Experienced challenge

Again, there were a number of ways this could be solved, and we received some very novel approaches!

Let’s take a quick look at what our options were. In the diagram below, using the rules, we could have one of four seating options (where the same colour indicates members from the same household at the table):

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Seating plan options as per the rules

An approach we found helpful to solve this conundrum was to think about applying weights. This was the following system used:

  • Total weight allowed at a table = total distance / minimum distance separation. In this scenario the total weight is, 6 / 2 = 3
  • Household weight = 0.5 + number of members in that household / 2. So for a 1-member household it’s 1, for 2 members it’s 1.5, etc.
  • Use household weights to split out to sub households if they’re larger than 2
  • Allocate households to tables based on these weights

We also used the assumption around how internal node IDs are allocated, i.e. when splitting out a household, the ID won’t be consecutively before/after the original household.

Based on these assumptions, the following set of queries were used to load and pre-process the data:

//load the householders
'https://raw.githubusercontent.com/summer-of-nodes/2020/master/week1/bbq_households.csv' AS row
CREATE (p:Person {name:row.Name})
MERGE (h:Household {id:row.`Household Group`})
ON CREATE SET h.weight = 1.0
ON MATCH SET h.weight = h.weight+0.5
//split out the households that are bigger than 2 people
CALL apoc.periodic.commit(
"MATCH (h:Household)
WHERE h.weight>1.5 //get the households with more than 2 people
WITH h limit 1
MATCH (h)<-[r]-(p)
WITH * limit 2
MERGE (h2:Household {id:h.id + h.weight, weight:1.5})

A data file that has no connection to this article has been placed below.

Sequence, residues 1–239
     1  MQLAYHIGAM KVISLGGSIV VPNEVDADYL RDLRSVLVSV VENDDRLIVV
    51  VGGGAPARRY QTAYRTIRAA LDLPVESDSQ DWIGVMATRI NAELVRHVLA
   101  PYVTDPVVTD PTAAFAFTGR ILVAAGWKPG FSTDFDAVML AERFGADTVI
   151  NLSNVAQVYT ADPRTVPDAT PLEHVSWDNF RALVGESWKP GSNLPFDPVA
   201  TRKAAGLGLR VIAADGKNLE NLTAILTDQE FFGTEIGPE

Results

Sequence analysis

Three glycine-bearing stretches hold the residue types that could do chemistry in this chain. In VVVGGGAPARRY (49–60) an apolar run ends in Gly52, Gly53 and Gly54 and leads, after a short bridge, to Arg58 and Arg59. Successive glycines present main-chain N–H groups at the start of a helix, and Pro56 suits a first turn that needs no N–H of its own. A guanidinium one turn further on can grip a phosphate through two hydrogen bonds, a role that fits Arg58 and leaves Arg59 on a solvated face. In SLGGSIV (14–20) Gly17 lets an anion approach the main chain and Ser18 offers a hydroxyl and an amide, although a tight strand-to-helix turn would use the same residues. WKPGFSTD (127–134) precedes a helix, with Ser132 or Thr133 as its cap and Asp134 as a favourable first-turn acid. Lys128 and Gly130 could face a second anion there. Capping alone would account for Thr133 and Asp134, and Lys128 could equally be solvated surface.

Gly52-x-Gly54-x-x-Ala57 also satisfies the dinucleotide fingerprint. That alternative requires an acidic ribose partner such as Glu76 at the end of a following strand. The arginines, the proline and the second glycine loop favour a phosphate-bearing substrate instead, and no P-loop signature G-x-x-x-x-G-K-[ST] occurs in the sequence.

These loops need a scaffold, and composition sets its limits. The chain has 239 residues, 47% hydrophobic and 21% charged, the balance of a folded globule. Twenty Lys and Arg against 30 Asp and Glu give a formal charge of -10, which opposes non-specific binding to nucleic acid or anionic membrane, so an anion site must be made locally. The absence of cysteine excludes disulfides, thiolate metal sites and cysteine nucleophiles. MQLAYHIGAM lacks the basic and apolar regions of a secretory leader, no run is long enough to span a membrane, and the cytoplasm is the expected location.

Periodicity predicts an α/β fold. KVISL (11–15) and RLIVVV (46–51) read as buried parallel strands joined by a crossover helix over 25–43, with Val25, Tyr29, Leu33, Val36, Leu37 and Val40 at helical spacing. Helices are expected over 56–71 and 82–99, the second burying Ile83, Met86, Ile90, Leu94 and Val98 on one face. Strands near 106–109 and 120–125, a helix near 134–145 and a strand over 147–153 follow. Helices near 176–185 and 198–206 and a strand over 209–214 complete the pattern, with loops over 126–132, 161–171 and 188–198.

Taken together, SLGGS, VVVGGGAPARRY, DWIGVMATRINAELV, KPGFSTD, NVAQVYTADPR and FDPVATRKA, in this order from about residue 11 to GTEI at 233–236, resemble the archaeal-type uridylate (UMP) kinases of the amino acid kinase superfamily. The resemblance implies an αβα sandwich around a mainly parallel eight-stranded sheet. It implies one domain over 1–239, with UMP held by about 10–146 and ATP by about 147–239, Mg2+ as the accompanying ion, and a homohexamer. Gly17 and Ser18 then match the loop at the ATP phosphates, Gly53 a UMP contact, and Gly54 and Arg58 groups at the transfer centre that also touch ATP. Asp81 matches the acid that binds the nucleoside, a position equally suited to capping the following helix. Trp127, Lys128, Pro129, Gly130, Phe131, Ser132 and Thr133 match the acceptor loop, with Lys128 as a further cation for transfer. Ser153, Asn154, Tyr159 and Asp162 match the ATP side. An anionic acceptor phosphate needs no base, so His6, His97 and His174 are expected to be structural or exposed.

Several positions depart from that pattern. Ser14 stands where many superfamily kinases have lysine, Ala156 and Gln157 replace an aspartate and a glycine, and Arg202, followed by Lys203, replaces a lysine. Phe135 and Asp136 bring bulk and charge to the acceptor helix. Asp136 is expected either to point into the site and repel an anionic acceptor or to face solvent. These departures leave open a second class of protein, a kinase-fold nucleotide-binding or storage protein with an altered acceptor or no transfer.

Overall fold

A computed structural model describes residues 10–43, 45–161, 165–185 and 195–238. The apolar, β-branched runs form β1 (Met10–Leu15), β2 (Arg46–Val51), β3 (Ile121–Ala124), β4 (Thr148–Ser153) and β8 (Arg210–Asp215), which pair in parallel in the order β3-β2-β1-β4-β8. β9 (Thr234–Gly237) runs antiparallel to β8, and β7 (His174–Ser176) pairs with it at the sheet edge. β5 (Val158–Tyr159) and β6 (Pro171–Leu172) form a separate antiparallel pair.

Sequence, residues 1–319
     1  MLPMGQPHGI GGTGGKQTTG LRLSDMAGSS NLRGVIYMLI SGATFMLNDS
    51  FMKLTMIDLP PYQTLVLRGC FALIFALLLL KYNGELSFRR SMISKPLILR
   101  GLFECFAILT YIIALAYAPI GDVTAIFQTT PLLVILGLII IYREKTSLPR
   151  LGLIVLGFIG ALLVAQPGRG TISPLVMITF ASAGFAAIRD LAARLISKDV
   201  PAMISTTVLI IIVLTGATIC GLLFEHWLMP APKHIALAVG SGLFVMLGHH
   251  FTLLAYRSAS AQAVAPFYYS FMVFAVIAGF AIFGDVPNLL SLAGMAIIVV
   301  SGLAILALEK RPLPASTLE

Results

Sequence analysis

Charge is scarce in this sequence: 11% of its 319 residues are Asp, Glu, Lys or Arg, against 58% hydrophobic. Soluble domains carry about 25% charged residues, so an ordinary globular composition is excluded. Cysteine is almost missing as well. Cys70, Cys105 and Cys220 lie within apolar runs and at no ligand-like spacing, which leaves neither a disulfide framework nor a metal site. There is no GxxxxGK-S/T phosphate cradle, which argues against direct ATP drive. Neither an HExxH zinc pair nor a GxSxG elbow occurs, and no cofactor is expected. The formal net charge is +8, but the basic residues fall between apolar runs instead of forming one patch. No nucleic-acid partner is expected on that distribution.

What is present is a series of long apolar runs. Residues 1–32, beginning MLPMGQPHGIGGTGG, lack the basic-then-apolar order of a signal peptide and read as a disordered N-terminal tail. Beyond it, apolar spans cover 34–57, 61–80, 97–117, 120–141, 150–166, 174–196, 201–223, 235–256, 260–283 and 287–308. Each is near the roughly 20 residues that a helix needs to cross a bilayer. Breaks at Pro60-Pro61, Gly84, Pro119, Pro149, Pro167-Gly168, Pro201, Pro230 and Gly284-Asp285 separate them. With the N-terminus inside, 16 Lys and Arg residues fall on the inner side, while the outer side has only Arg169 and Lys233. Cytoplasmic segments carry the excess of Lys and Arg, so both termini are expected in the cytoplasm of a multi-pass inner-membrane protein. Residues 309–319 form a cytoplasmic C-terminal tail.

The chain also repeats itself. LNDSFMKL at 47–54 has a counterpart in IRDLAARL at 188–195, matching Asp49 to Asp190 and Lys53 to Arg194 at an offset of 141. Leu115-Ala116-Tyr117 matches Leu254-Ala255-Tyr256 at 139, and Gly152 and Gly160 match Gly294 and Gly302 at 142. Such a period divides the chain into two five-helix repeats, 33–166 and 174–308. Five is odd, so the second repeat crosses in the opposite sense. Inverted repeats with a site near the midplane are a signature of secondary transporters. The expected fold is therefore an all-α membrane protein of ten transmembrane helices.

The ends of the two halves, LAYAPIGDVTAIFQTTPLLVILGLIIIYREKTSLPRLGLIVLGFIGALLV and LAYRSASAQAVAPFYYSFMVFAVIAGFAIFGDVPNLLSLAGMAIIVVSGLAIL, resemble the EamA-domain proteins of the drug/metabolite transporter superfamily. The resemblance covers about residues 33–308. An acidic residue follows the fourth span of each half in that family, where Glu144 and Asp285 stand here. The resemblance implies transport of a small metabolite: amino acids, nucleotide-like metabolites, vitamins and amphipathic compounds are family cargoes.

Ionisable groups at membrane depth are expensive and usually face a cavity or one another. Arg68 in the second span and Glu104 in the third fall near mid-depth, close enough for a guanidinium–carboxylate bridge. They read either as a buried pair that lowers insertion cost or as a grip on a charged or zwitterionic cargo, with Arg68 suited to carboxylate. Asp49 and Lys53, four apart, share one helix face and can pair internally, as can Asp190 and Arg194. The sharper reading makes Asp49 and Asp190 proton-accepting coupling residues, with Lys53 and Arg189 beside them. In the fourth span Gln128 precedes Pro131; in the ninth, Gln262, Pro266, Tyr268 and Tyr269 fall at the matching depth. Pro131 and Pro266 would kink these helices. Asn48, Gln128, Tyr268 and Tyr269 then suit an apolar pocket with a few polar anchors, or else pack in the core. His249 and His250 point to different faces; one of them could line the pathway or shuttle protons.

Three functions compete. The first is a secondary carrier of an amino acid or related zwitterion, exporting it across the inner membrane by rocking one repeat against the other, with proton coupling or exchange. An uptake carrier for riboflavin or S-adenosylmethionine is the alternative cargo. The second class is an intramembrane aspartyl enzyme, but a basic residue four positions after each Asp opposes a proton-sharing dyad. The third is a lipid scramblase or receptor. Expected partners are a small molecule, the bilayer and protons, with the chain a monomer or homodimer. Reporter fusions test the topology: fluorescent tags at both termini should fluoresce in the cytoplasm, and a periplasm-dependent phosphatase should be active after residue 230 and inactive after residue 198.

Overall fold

WITH h, r
SET h.weight = h.weight - 1.0
RETURN count(*)", {limit:1});
//create the tables
WITH range(1,6) as tables
UNWIND tables AS no
CREATE (t:Table {number:no, weight:0});

And this a potential query that can be used to allocate the seats:

//allocate seats!
CALL apoc.periodic.commit(
"MATCH (h:Household) WHERE NOT (h)-->()
WITH h ORDER BY h.weight DESC, id(h) LIMIT $limit
MATCH (t:Table) WHERE t.weight+h.weight <= 3.0
WITH t, h order by t.number LIMIT 1
CREATE (h)-[:AT_TABLE]->(t)
SET t.weight=t.weight+h.weight
RETURN count(*)",{limit:1})
YIELD updates
WITH updates AS ignoreMe
MATCH (p:Person)-->(h:Household)-->(t:Table)
RETURN p.name AS guest, left(h.id,1) AS household, t.number AS tableNumber ORDER BY tableNumber

There are, of course, several things we could do to make this query more robust to dealing with fewer guests, better distribution, ensure non-consecutive IDs of split households, etc. Perhaps if you fancy an extension to the challenge, why not think about how you could make this flexible to more tables/places!

We hope you enjoyed the challenges! Hungry for more? We’ll post the next set of challenges shortly!